Senatorial Slap on the Wrist

Senatorial Slap on the Wrist
By Anthony Harris
Editorial Staff Writer

Sen. Russ Feingold (D-Wisconsin) is proposing to censure the president because of his unconstitutional wiretapping program.  To many, this seems like a foreign concept.  The only reason why I probably knew what this was when I read the headline on CNN’s website was because I have a deep, abiding love for Aaron Sorkin’s The West Wing.

For those of you who aren’t crazy about political drama and whether or not Donna and Josh will ever get together, a censure is a congressional act which is a formal reprimand.  Sen. Russ Feingold (D-Wisconsin), presidential hopeful for 2008, is putting together a senatorial vote for a formal slap on the wrist.

Don’t get me wrong.  I’m actually in favor of the censure.  Something must be done for the president overtly violating the fourth amendment.  This isn’t the best course of action, but this most certainly is an action.  The Democratic Party is finding its backbone once again, but it’s unfortunately doing so through futile acts.

The Democrats are finding new ground with their successes with blocking the port deal with the United Arab Emirates and currying favor against the war in Iraq.  The president’s polls are his lowest yet according to the Associated Press.  The Democratic Party can find success in the House, Senate, and in the presidency, but Sen. Feingold’s censure is not really the major boost the party needs.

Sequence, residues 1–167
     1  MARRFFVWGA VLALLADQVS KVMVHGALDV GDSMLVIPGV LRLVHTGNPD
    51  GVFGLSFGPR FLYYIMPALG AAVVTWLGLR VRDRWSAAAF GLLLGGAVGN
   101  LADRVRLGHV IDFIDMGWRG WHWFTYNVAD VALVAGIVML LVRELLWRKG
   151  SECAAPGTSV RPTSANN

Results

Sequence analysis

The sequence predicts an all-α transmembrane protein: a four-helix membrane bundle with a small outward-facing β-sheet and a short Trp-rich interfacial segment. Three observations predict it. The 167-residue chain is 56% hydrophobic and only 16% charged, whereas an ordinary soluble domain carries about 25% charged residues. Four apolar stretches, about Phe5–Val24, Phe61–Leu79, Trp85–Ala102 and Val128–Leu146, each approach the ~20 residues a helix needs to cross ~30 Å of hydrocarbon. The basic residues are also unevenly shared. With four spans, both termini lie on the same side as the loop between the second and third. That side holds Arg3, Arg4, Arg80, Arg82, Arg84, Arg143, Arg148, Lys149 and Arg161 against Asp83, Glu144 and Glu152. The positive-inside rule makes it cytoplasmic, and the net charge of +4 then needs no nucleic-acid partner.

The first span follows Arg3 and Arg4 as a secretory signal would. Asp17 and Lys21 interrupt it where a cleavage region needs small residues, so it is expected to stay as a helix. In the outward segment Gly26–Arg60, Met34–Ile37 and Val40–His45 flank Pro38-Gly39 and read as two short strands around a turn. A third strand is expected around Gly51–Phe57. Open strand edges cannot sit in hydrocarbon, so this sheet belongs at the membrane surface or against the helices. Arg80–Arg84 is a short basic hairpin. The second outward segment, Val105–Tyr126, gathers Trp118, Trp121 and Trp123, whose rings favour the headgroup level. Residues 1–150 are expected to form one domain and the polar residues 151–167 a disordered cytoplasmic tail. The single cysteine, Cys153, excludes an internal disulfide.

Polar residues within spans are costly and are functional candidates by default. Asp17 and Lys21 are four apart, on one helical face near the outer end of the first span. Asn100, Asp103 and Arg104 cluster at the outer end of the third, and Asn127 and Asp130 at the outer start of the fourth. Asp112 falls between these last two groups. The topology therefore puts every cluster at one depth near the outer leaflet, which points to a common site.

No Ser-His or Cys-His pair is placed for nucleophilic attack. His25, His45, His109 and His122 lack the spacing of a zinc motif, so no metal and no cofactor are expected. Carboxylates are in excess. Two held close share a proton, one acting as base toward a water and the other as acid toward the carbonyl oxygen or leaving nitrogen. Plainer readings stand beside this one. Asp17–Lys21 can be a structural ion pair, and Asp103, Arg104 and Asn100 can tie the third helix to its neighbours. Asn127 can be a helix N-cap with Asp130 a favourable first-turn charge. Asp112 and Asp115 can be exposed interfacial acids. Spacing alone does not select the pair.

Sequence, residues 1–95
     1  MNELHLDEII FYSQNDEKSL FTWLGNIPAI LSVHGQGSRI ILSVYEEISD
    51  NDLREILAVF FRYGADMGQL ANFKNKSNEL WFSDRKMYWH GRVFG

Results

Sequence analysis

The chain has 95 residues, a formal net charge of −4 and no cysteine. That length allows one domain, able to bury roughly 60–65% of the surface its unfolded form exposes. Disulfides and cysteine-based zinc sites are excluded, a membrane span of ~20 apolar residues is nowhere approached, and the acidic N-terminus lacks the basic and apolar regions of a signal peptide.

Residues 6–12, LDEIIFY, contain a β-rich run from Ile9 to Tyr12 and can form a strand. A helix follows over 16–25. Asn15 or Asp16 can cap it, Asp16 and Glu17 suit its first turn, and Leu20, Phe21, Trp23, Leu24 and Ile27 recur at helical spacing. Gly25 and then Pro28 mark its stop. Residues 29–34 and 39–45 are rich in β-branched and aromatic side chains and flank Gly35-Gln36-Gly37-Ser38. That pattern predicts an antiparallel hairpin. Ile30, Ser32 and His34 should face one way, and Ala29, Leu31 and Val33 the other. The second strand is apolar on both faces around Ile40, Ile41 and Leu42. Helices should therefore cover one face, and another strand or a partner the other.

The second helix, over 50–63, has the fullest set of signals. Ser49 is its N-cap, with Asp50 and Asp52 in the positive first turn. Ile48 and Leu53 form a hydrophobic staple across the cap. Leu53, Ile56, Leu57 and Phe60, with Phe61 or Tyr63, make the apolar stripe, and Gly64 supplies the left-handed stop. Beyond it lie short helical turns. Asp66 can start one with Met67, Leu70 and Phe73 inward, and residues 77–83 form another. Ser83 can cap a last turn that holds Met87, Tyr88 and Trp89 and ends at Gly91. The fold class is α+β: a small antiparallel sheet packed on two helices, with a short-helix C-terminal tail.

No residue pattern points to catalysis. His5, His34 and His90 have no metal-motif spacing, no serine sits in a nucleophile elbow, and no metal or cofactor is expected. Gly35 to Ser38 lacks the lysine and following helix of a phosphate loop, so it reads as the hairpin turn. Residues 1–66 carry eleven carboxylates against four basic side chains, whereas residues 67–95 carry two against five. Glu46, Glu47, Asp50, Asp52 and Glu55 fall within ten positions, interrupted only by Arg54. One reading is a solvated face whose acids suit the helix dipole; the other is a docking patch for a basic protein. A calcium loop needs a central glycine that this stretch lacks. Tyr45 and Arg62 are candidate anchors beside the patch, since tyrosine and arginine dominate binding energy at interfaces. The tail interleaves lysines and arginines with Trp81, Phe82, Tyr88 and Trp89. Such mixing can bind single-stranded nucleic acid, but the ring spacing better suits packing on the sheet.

A censure is the senate telling an office holder that he’s been a bad boy.  There is no order to sit in the corner a suspension.  The Senate is very disappointed.  There is no constitutional obligation attached.  There is no real punishment.  It’s merely a formal reprimand.  Yet, even with very little meaning attached to it, the only other president to have been censured was Andrew Johnson for not turning over a letter read to his cabinet over band records.  The issue was actually more complicated than that, but I didn’t care enough to keep reading the Senate website.

When you get right down to it, this is a fairly pointless act.  It’s a symbol from weak-willed democrats do something to fight the president when he has done wrong countless times over the course of his presidency.  This could be the necessary act for democrats to hold the course and take the legislative branch in 2006.  This may even be Feingold’s claim to the limelight (I’m doubting it though).

Still, this is probably just a call for attention.  Feingold wants the democratic presidential ticket for 2008 when most of America knows that Hilary Clinton will be getting it.    It’s a senator’s grasp for straws by growing a spine, and some on his side may even respect that.  But it’s still just a censure.  It’s a small blemish in a long history book.  No one will read it or care about it unless it were to happen again.

Some time, seventy-five years from now, President Arthur Woodson is going to make an executive order moving PFC Herbert Wilson into a house he thinks is abandoned because some base in Virginia was overfilled.  The president will claim eminent domain and think the problem is solved.  He will unwittingly break the third amendment (on the quartering of troops) because the owner of that house is still alive and was planning to renovate.  The senate will then plan to censure the president two month later.  All the news outlets will state in the sixth paragraph of their articles:

Only two presidents have been censured in American History: Andrew Johnson and George W. Bush.


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